Treatments we offer

Common problems treated include hallux valgus (bunion surgery), hammer, mallet and claw toes, foot arthritis, plantar corns, neuromas (enlarged nerves) and plantar fasciitis (inflammation of connective tissue).


Bunion Surgery

There are a number of surgical procedures for the treatment of bunions. The surgery involved will depend on the severity of the deformity:


The most common type of bunion surgery which involves cutting bone from the toe. The surgeon removes the bony lump and realigns the bones inside the big toe. They then also move the toe joint back in line, which may involve removing other pieces of bone, possibly from the neighbouring toes. A procedure called distal soft tissue realignment may be combined with an osteotomy. This involves altering the tissue in the foot to help correct the deformity and improve the stability and appearance of the foot.


This involves fusing the two bones of the toe and is for patients whose toe is too difficult to fix using an alternative method.

Excision (Keller’s) Arthroplasty

An excision arthroplasty involves removing the bunion and the toe joint. A false joint is created by scar tissue that forms as a result of the operation.The procedure involves pinning the joint in place with wires, which will be removed around three weeks after surgery is carried out.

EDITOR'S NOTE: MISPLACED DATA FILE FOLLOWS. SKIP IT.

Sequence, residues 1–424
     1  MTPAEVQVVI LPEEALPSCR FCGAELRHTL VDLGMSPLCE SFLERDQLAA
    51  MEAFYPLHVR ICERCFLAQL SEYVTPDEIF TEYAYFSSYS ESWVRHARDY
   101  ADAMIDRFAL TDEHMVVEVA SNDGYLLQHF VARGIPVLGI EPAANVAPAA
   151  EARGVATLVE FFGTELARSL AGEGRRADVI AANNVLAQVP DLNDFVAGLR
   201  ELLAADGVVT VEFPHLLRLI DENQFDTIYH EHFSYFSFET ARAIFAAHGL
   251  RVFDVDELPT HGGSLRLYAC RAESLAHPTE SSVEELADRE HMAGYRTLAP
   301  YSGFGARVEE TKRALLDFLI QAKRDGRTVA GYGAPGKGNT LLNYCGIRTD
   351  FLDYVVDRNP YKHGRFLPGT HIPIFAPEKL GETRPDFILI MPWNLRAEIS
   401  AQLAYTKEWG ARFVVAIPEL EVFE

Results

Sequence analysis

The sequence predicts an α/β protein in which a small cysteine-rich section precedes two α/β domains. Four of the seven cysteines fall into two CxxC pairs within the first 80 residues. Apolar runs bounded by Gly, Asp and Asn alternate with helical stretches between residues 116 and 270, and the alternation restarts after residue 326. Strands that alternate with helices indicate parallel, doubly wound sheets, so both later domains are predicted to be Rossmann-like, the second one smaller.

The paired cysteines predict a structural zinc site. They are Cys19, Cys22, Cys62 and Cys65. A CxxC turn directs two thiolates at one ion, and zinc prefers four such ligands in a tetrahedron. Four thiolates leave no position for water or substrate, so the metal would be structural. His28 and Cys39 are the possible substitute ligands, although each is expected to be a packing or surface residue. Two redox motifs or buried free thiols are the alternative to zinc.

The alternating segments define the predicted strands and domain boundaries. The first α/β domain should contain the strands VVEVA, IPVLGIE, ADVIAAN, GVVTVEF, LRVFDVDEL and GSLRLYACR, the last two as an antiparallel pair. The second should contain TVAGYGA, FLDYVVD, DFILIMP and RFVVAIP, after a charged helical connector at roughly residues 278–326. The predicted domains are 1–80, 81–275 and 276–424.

Hammer, Mallet and Claw Toe

There are a number of different treatments for these fairly common foot deformities:

Arthrodesis (often combined with tendon and skin lengthening)

This is used when the toe is retracted at the joint where the toe joins the foot, and when the toe is very unstable. The problem toe will be dealt with by removing a thin piece of the joint from each side. The two pieces are then held together with Kirchner wires or bone screw in order to set the toe in a straight position. Usually this can be combined with lengthening the tendon on top of the toe, which often becomes tighter and contracted when the toe is retracted.


Used to treat hammertoe and mallet toe deformity as above. The problem toe will be dealt with by removing a small piece of bone from one side of the small toe joint. The repair is then completed by interposing the capsule and tendon into the realigned joint to stabilize the toe. The toe may not be completely straight but will be improved.

Correction to Toe Webbing

There are a variety of technqiues that can be used to separate the toes depending on the length of the joined skin involved and how pliable the skin is between the toes. Where necessary a skin graft from the underneath side of the ankle is used to fill in the defect once the toes have been separated.

Ingrown Toenails

A local anaesthetic is used to numb the toe and the edges of your toenail are cut away. A chemical called phenol is applied to the affected area to prevent the nail growing back and becoming ingrown in the future. If the nail is thick and pressing into the skin surrounding the toe then the nail may be removed entirely.